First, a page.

Hello all. I am Onyx. I have two wonderful sons- 3 years and 6 weeks. Recently my H blindsiding me and asked for a divorce. As much as I want to work it out, he is set on it. My question is how do you explain a divorce to a 3 year old? We haven't even started talking to him yet but he has picked up on it; I'm assuming he heard us from his room when I thought he was sleeping. He came to me and asked where daddy was and I told him that daddy was just out for the moment. Then he started crying and said "I will never be happy again". Any advice is so appreciated because I'm all kinds of lost and heartbroken.
Post by sherminator on Dec 12, 2015 4:09:53 GMT -5
Things like Im never going to be happy again are heartbreaking. But not necessarily true sentiments- DS says that when I wont let him watch some more TV, so- while you are sad for the 3 yr old, I would recommend not putting too much stock in it. So, when you are lost, and kiddo is picking up on it he might say, Im so sad, I would acknowledge both his and your feelings, by saying something like, its ok to be sad, Im sad sometimes too- but also reassure him and give him ways to process grief. When I feel sad I ...X,Y,Z hug my stuffie, take a walk. If he starts missing absent Dad, say- lets put a picture up by your bed, write him a letter, send him a text, whatever acknowledges that feeling but gives him a way to move past. Make sure this is his initiative- not yours trying to reel him back in with child guilt. Sounds cold to say that, but your feelings and motivations are still raw at this point. Show kiddo a calendar and start familiarizing him a bit with- you will see daddy in X number of sleeps- and show him the days. Be matter of fact about changes- and try to prep him- you will stay with daddy tonight, and I will pick you up after school. There are some good books to help with this. I do not use divorce the term. and so on< I just say Daddy is living here. You will see him here, and here is where I live and you will stay with me on these days.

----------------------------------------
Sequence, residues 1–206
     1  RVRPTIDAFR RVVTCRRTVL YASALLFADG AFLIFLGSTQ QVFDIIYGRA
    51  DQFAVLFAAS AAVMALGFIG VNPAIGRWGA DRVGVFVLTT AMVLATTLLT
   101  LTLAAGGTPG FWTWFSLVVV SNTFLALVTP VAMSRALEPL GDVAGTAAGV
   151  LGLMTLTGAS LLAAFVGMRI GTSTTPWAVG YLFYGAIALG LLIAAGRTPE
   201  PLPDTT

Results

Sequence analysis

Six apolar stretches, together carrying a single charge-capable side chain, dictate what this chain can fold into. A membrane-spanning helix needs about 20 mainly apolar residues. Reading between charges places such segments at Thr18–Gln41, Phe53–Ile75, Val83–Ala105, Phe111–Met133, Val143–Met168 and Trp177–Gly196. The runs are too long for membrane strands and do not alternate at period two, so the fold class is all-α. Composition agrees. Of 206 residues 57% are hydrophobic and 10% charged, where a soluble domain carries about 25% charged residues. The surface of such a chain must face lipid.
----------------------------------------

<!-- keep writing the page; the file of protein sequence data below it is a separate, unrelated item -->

This is too new to know what specific tools you will need to get through. But if your husband is committed to being a father, it can be managed. Hugs to you Onyx- its hard to be clear headed and calm when you are on fire emotionally and raw. Start gathering forces now. Who in your life can be counted on to come take DS for a walk when you need to fall apart. Who can hold the baby while you shower. I was a single mom by choice, and recently partnered up, but for the first 4 1/2 years of the little man's life it was all me. It takes a village. You need to find your village, asap, as there is no one to run to the store for diapers if you are out, without waking the kids.